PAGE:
Make Your Own iPhone App - TheStreet

We love to write about iPhones – the apps in particular. There are now more than 100,000 iPhone applications available to download on the App Store on iTunes, and creating and marketing these programs has become a kind of a cottage industry for software developers. There are plenty of companies out there creating apps for large corporations, but there are also lots of individuals out there who come up with an idea for an app, build it themselves and market it all on their own. They’re all hoping that their app will hit the big time, that hundreds of thousands of people will download it and that they’ll rake in the dough (like these guys).

So, I started to wonder, what does it take to make an iPhone app on your own? I decided to ask the only guy I know who’s ever built one. Simon Watson is the resident smart guy in my family. He’s my soon-to-be brother-in-law, he lives in London and recently released an iPhone app of his own creation on iTunes. It’s called Chromixa and it’s a puzzle game that has players combine colors to create specific shapes.

Here’s our e-mail conversation about this process.

Mike: So, Simon, in exchange for my blessing of your impending marriage to my sister, I’d like you to answer a few questions about your iPhone app.

Simon: Seems fair.

Mike: How long did the process take from start to finish?

Simon: It's tricky to say as, for me, it's purely a spare-time activity that has to be fitted around a busy full-time job. I would say it's taken a year from having the idea to seeing Chromixa go on sale in the App Store. I dread to think how many evenings and weekends it's taken. If I was working on it full-time, then I reckon 2-3 months would be about right for this particular game.

Mike: I like how you Brits say ‘reckon.’ In America, where iPhones were invented, the word ‘reckon’ is only used in the Old West. Like, “I reckon we’re gonna have to get a posse together.” Anyway, back to iPhone apps. You're a pretty technically adept guy, but what kind of technical skills are necessary for someone who wants to do this?

Simon: Having some experience of computer programming is a definite advantage. Apple provides great tools (Mac-only) but, like everything, there's a learning curve. For developers who are experienced with C, C++, C#, Java then a simple iPhone app can be created in a couple of days. For complete novices, I'd say it's better to learn the basics of programming before diving in to the iPhone. That said, with so much to learn, motivation is important so if a budding developer is singularly focused on the iPhone, then you can just jump into the deep end and learn to swim the hard way!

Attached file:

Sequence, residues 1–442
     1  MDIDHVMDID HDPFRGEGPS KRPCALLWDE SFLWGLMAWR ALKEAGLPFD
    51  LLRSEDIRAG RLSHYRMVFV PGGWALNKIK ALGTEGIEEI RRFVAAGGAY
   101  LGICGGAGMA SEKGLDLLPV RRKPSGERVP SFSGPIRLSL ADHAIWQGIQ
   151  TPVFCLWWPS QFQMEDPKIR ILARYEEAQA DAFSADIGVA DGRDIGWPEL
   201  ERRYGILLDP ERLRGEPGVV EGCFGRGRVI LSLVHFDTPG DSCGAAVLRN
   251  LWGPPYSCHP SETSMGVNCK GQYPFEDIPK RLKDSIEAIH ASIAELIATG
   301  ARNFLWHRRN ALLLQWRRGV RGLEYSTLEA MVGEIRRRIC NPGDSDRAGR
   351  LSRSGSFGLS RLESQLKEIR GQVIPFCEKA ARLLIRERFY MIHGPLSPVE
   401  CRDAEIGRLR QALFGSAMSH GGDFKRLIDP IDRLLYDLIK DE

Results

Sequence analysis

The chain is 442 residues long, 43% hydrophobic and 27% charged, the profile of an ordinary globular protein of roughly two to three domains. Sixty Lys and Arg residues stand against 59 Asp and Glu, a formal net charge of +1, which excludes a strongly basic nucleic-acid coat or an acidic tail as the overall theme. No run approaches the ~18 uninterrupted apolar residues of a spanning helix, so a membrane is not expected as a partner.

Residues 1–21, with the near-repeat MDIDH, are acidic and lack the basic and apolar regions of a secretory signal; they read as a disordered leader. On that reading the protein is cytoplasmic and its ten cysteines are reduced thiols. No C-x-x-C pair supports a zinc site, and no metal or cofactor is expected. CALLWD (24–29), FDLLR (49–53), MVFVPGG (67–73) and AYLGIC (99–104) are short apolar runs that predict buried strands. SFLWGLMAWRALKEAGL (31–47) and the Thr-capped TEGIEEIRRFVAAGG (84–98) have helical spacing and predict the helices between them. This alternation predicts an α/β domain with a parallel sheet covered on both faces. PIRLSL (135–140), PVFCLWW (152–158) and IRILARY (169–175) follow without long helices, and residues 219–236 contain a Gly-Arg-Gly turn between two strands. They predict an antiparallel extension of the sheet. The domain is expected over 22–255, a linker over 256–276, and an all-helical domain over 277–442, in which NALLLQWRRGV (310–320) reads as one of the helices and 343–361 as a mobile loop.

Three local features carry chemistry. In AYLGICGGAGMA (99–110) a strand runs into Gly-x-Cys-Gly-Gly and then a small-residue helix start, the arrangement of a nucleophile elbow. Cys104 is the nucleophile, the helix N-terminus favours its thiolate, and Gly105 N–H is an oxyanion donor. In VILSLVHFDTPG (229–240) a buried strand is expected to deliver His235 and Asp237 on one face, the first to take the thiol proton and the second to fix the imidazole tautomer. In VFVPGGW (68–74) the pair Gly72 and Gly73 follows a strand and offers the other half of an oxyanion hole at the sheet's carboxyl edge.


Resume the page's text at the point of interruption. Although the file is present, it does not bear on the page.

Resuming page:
Mike: Is there a lot of support online for people looking to do this kind of thing?

Simon: There's now a lot of great Web sites aimed at iPhone developers, offering tutorials and discussion groups. As good as Apple's documentation is, sometimes there's no substitute for hearing other developers' real-world experiences. The bottom line is that you need a Mac, $99 to join Apple's developer program, a clear idea of what you want to achieve and a lot of patience! Personally, I found the discussion forums at iPhone Dev SDK incredibly useful, along with some excellent video tutorials at 71Squared.  Apple's own developer site can be found here.

Mike: So, what’s the first step?

Simon: Step 1 has to be having a good idea! There's so many existing iPhone apps that it's important to try and do something different, ideally unique. For Chromixa, I first created a rough proof-of-concept so I could assess if the game idea was actually fun to play.

Mike: What’s a proof of concept?

Simon: For me, a proof of concept is the best way to decide if an idea is worth investing my time in. After having the idea for Chromixa, I wanted some reassurance that it would result a game which was actually fun to play, and would create enough variety in the puzzles. So, I put together a simple prototype with three puzzles of varying difficulty. This is also a great way to get early feedback from people you trust to determine if it's likely to be popular.